For example:

In  2007, when the Deputy’s own party was in Government, the Supplementary Estimate requirement for the Justice Vote Group was €67 million, of which €25 million was needed for the Garda Vote.  This was partly offset by a €12 million underspend elsewhere in the Vote Group leaving a requirement for external funding of €55 million.

In 2009, €30 million was needed to supplement the Garda Vote and this was partly offset by a €15 million underspend in other Votes..

In 2010, €40 million was moved within the Garda Vote  to meet an additional requirement in payroll costs.

Is the Deputy suggesting that, in 2013, our Gardai shouldn’t get paid?
It has been interesting to note some of the media coverage in relation to this years Justice Vote Group requirement for a Supplementary Estimate in relation to the Garda Vote.  On the one hand, there has been a suggestion that An Garda Siochana is under resourced and the Gardai rendered incapable of properly doing their job.  On the other hand, there has been, rightly, extensive coverage of hugely successful Garda operations and seizures which have resulted in, for example:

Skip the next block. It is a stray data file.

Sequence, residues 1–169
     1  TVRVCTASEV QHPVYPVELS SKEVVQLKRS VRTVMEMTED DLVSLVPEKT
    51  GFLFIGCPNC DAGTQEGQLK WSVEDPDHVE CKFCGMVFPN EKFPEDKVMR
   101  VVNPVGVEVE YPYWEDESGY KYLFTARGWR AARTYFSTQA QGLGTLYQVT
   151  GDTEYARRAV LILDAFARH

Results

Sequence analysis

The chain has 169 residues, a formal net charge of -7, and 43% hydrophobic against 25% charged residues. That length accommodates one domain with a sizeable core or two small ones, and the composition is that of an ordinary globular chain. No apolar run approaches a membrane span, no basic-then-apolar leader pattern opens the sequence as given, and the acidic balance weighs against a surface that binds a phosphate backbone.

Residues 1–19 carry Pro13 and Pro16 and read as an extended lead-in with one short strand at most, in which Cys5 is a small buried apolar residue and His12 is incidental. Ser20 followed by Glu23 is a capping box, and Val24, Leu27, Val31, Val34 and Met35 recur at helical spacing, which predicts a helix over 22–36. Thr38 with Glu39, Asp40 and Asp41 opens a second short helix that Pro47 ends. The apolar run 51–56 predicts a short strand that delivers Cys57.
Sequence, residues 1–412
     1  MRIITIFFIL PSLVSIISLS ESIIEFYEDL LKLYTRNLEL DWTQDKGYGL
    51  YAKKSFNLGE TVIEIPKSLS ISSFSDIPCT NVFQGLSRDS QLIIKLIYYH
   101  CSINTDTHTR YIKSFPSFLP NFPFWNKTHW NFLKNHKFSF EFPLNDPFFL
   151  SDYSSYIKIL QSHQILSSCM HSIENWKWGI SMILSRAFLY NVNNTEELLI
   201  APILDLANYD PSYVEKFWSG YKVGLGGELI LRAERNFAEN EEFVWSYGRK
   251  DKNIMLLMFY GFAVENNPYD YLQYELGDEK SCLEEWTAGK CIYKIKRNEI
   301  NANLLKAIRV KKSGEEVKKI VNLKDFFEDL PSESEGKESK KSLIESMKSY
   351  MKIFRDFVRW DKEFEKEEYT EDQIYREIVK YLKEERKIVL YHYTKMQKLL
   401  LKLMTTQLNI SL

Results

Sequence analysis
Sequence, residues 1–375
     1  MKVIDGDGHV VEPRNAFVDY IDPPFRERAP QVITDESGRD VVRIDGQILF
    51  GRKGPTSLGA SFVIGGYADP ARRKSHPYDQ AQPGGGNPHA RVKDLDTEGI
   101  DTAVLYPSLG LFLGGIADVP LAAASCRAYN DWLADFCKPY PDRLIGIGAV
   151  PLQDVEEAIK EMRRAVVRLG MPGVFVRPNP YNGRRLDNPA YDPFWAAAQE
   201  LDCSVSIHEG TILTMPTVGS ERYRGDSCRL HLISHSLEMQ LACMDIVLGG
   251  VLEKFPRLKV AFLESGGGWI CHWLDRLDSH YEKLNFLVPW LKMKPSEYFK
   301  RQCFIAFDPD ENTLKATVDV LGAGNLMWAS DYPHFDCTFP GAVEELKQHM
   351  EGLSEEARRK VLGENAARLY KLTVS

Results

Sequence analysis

·        89 people arrested in a 24-hour period earlier this month, under Operation Wireless, following more than 400 planned searches across the country in relation to robbery, burglary, theft, handling stolen property, possession of drugs and firearms offences

·        A coordinated drive against those involved in burglaries under Operation Fiacla.  The latest CSO figures show that burglary offences decreased by 8.9%, continuing the trend observed since the introduction of this Operation.  Operation Fiacla is intelligence driven and specific burglary initiatives have been implemented in each Garda Region to target suspect offenders.  As of 31 October, 6,972 persons have been arrested and 3,971 persons have been charged with burglary offences under Operation Fiacla.

·        Operation Nitrogen which continues to be very successful in identifying and dismantling cannabis cultivation sites across all areas of the country.  Seizures of cannabis plants valued at in excess of €16 million were recorded for the first three quarters of 2013.  A very significant seizure of plants worth an estimated €2 million was made on 21st October at cannabis cultivation sites in counties Kerry, Roscommon and  Cavan.